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Moonwalk Fever

The hidden traps of creating a "unique" game/mechanic

I'm a 90s boy. If you are too, we probably have the same milestones chiseled in the back of our minds. The magic of firing a Hadouken, playing super Mario world, and of course attempting the Moonwalk in real life. When Michael Jackson did the Moonwalk for the first time in 1983 it was as unique as you can get. People in the audience screamed. As devs, many of us (me included) try to replicate that feeling. Create a game that is so unique, a mechanic full of unseen magic, but is this pursuit worth it? 

Publishers, Streamers, and players they all ask for the same thing. NEW STUFF. If you are in this as long as I´m you probably asked yourself “is my game unique enough?”. That's the Moonwalk Fever. Back in 2014, I was making a 2D platformer called Turtles of Destiny. People liked the prototype we had and so did I. The sad thing about it? It lacked the Moonwalk and the search for it killed the game. 

 

We won some prizes with Turtles of Destiny. We even got the best game design prize in a local game festival. Unfortunately, the thoughts of FEZ and Braid were already too deep into my mind. My little game needed something out of this world in order to explode. I played over 200 games of the same genre, sketched tons of mechanics, and implemented some of them. At each attempt to create my Moonwalk, the worst the game got. In the end, I only had a Frankenstein that lost its original charm.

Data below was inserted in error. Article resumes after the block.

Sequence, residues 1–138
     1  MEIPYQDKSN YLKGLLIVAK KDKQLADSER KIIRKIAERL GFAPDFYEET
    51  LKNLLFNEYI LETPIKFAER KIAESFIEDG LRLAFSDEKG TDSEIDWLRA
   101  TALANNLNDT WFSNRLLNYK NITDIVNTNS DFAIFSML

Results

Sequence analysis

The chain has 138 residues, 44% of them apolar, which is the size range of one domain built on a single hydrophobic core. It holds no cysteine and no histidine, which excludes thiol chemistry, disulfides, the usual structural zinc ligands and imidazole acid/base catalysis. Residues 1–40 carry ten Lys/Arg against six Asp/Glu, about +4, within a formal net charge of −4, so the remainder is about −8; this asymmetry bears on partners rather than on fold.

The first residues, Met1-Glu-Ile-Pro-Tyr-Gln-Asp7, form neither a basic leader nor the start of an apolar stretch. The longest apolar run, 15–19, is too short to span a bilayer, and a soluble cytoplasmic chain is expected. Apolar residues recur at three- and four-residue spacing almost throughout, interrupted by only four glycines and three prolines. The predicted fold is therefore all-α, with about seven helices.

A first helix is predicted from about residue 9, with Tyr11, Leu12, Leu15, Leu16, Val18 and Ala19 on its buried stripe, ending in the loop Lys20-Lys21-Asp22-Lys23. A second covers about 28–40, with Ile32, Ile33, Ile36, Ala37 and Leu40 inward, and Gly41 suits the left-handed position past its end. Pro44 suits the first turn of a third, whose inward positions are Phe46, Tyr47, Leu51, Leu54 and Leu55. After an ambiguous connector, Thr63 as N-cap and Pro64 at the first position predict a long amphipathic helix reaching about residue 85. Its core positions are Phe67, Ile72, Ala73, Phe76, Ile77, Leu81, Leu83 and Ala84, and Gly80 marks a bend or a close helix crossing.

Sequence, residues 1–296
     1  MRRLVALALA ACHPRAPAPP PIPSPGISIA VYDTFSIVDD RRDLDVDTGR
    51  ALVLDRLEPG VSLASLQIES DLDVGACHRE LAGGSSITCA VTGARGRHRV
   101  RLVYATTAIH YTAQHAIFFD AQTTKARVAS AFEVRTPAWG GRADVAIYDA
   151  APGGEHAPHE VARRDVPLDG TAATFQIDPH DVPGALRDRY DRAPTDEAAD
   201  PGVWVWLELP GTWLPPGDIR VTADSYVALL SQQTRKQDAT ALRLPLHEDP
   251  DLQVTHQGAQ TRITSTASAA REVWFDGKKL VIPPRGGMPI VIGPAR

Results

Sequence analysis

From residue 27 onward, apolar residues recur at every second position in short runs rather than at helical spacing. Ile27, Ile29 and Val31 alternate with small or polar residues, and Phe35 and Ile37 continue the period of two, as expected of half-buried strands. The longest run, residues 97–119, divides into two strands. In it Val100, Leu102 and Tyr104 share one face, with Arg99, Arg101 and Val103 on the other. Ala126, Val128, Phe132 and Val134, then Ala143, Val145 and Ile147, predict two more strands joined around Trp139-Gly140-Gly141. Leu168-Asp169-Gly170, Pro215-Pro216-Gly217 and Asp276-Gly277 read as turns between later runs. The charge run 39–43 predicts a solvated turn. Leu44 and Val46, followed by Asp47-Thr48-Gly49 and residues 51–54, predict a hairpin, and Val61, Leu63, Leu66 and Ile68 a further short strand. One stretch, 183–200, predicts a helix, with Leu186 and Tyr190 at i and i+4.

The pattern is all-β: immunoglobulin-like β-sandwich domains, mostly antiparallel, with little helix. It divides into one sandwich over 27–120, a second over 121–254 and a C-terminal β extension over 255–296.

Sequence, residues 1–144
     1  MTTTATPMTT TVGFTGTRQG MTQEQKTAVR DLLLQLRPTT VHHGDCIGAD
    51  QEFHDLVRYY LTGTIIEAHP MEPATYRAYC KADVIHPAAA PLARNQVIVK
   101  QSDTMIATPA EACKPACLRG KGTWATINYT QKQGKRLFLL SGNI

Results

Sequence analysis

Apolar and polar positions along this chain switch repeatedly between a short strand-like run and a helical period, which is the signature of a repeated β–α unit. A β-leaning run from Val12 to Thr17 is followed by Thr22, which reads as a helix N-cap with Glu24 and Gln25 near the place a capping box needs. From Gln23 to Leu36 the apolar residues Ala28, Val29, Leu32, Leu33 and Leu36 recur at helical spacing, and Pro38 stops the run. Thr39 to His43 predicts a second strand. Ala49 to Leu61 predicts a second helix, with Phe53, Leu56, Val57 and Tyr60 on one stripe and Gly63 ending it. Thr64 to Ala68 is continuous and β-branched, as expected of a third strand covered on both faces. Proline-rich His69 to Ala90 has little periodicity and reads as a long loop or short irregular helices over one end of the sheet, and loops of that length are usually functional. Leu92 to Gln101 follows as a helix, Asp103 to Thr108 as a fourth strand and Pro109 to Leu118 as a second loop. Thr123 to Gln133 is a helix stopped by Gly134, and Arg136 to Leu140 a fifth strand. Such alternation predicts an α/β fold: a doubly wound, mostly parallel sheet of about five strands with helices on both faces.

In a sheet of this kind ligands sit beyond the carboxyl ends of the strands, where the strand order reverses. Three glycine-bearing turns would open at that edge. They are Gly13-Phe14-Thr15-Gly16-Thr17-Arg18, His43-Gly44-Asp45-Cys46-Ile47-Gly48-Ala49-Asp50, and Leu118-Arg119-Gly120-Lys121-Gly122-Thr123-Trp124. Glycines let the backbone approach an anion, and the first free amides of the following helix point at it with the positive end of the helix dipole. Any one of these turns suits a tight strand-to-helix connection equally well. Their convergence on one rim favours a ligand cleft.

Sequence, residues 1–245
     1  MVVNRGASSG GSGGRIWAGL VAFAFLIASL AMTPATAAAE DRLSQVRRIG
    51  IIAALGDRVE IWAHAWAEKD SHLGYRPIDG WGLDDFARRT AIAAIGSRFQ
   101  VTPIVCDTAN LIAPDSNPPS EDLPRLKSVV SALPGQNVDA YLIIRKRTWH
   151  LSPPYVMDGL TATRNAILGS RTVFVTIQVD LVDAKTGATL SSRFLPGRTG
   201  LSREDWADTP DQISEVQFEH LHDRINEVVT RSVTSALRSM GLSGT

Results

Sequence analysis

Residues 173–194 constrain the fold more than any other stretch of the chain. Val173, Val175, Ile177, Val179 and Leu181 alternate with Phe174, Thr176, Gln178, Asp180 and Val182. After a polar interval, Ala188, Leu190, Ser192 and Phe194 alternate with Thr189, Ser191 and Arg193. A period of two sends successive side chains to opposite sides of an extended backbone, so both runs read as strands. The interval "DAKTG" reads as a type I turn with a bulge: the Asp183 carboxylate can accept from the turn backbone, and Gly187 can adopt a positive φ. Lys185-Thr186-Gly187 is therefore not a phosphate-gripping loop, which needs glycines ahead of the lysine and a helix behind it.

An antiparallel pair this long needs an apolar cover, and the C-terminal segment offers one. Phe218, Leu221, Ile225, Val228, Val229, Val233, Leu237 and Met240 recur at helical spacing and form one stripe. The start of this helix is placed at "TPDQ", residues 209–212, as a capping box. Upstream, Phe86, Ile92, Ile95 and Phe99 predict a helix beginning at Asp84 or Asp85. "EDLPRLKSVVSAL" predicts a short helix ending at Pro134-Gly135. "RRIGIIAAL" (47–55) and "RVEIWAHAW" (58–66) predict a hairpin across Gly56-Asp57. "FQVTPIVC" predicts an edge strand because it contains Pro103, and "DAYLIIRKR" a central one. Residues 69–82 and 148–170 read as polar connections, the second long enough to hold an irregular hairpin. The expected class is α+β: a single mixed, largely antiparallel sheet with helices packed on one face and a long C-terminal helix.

The coder of the project died during the development of Turtles of Destiny and with him the game. Dark times. In the hopes to get our morale back, the team went on joining the Ludum Dare jam. We made Fluffy Horde. A weird game about controlling an ever-increasing bunny population. The time constraint won´t let the Moonwalk Fever happen. We wanted to make something unique in 72 hours, but shipping it was the top priority. 

We got good ratings on it and Fluffy Horde became our new project. 8 months in we decided to make the game “better”. The replayability was too low, at least that was our excuse. The Moonwalk Fever was back. We changed the genre of the game and drifted for almost 4 months. It was the same story all over again. Lucifer was telling me “If you change the core just a little bit, the money will flow in like crazy”. 

One day I was playtesting the game by myself and I didn´t even know what the hell I was playing. The core was completely gone. We weren't going to fall into that trap again.  We rolled back the game back to the jam days and heard what it was trying to be. Games talk. In the end, we added multiplayer, which in a way was a Moonwalk attempt, but it didn't harm the game.

You don't need a Moonwalk to make something great. Celeste didn't and it's awesome. Am I against innovation? Not at all, but if you chase this blindly it can harm not only your project but also your mental health. Do your best to bring something new to the table, but the journey is not only about that.

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